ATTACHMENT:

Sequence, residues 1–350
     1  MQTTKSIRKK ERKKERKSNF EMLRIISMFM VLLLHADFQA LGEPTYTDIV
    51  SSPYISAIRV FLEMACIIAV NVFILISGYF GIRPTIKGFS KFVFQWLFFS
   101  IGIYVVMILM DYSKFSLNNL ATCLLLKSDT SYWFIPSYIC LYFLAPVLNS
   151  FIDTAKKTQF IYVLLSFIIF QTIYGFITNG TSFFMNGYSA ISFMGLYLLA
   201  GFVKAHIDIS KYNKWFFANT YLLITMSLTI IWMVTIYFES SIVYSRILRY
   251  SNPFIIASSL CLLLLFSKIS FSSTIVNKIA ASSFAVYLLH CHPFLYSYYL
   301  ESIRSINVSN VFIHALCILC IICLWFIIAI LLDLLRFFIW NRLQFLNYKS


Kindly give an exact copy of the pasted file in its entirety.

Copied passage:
Sequence, residues 1–350
     1  MQTTKSIRKK ERKKERKSNF EMLRIISMFM VLLLHADFQA LGEPTYTDIV
    51  SSPYISAIRV FLEMACIIAV NVFILISGYF GIRPTIKGFS KFVFQWLFFS
   101  IGIYVVMILM DYSKFSLNNL ATCLLLKSDT SYWFIPSYIC LYFLAPVLNS
   151  FIDTAKKTQF IYVLLSFIIF QTIYGFITNG TSFFMNGYSA ISFMGLYLLA
   201  GFVKAHIDIS KYNKWFFANT YLLITMSLTI IWMVTIYFES SIVYSRILRY
   251  SNPFIIASSL CLLLLFSKIS FSSTIVNKIA ASSFAVYLLH CHPFLYSYYL
   301  ESIRSINVSN VFIHALCILC IICLWFIIAI LLDLLRFFIW NRLQFLNYKS